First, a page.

The adhesion of seasoning onto the surface of a nut is closely tied to the stickiness of the product itself. Although their natural oils help with both adhesion and flavour, a lot of nuts still require an extra coating before any dry seasoning is applied. This can be done by introducing an oil or fat prior to the application of dry seasoning. Manufacturers can also add liquid flavours to their products for an extra flavour boost. Lemon or chilli oils, for example, create top notes that allow the flavours to develop on the palate over time. With new flavour combinations emerging, the liquid flavour range is likely to expand further over the next few years.
Wet flavours have often proven challenging to apply precisely and consistently. While they can be introduced into bulk mixing systems for ease of application, it can add time to cleaning and changeover processes. New technology that injects flavour into the oil flow prior to spraying is creating an opportunity for manufacturers to apply diverse flavours in liquid form.
Being able to accurately control the amount of oil, fat or seasoning is also important to avoid waste and adhere to labelling requirements. A top performing spray system will be able to control spray temperature, as well as accuracy of application. Mass flow control is generally the best way to achieve this. In addition, equipment that can handle higher concentrations of seasoning powder require less fat and oil to be sprayed onto the products for the seasoning to stick, opening up further opportunities for low-fat products and minimal fat declarations.
Slurry seasoning is a great way to add an extra dimension of texture and taste to nut products by incorporating a suspension of powder in a liquid. This can be a powder in oil, starch in water or similar mix combinations.
Starch slurries are used as ‘glues’ to create stickiness for better seasoning adhesion. Sugar or Arabic gum solutions, for example, are often used as alternatives to oil-based slurries, enabling the development of ‘healthier’ nut products with ‘no added fat’ positioning. Together, slurry seasoning and dry roasting work well for manufacturers looking to keep nuts free from added fats and oils. The slurry, comprising water, Arabic gum or maltodextrin, is added to the nuts before the roaster. Then a dry seasoning is applied before the nuts are roasted. This process removes any liquid — an important step for prolonging shelf life — and ensures the seasoning adheres to the nuts.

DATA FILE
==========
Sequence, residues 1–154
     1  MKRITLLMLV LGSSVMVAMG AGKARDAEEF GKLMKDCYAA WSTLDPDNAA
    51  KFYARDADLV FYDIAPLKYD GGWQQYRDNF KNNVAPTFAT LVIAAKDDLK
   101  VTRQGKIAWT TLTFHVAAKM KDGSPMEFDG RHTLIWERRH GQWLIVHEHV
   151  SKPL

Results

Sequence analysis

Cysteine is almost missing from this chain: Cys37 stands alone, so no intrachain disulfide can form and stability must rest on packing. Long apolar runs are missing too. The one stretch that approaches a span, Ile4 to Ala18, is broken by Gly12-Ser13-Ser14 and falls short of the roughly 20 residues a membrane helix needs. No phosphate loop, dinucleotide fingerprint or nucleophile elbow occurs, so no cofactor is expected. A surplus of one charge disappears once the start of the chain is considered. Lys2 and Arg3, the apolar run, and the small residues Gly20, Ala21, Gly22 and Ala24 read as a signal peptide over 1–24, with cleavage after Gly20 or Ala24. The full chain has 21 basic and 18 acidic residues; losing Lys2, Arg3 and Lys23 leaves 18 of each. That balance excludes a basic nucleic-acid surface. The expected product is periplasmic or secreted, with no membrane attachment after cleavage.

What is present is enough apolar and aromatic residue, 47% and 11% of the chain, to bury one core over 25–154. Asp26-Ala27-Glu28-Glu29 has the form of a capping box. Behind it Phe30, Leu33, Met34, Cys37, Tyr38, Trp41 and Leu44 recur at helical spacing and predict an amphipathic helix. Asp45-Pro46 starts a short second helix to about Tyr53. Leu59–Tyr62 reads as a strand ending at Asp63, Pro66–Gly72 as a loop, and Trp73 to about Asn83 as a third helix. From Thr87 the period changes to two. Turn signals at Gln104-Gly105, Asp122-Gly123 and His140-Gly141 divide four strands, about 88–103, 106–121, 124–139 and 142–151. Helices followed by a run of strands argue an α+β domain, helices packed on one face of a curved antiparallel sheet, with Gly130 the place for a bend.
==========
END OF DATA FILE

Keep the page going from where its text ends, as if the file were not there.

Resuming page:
A key factor when applying a slurry seasoning is ensuring a consistent suspension of the powder within the liquid. The unique composition of slurry seasoning means it is essential that the wet and dry flavours are blended homogenously. This is especially important with salt application as the granules can drop to the bottom of mixing tanks, resulting in inconsistently flavoured products. Manufacturers should therefore look for smaller mixing vessels as these are able to maintain a homogenous mix and are ideal for frequent flavour changes. Easy-to-clean solutions that incorporate automated cleaning technology are also essential to reduce downtime between different production runs.
Innovative technology such as the tna intelli-flav OMS 5 can help snack manufacturers meet the evolving needs of consumers in the nut sector, as it is suitable for all types of seasoning.
An all-in-one solution, it can provide accuracy and consistency for both dry and wet seasoning in a single drum. It also allows highly accurate seasoning weighing for dry ingredients, and has a unique spray lance design that produces precise spray patterns in wet seasoning. It can help save manufacturers time by spraying oil and then applying seasoning powder in the same drum. Manufacturers can also use the tna intelli-flav CLS 5 to create a homogenous mix of slurry seasoning throughout the spraying process, due to the smaller reservoir. In addition, the system’s nozzles feature tna’s unique atomising air control technology for an even slurry flow that is designed to reduce blockages.
Austrian researchers have developed a sustainable method to optimise storage of fruit and...
Researchers have updated a century-old food testing method to provide a better understanding of...
The GEA nitrogen freezer pilot plant takes a different approach to freezing live bacteria used in...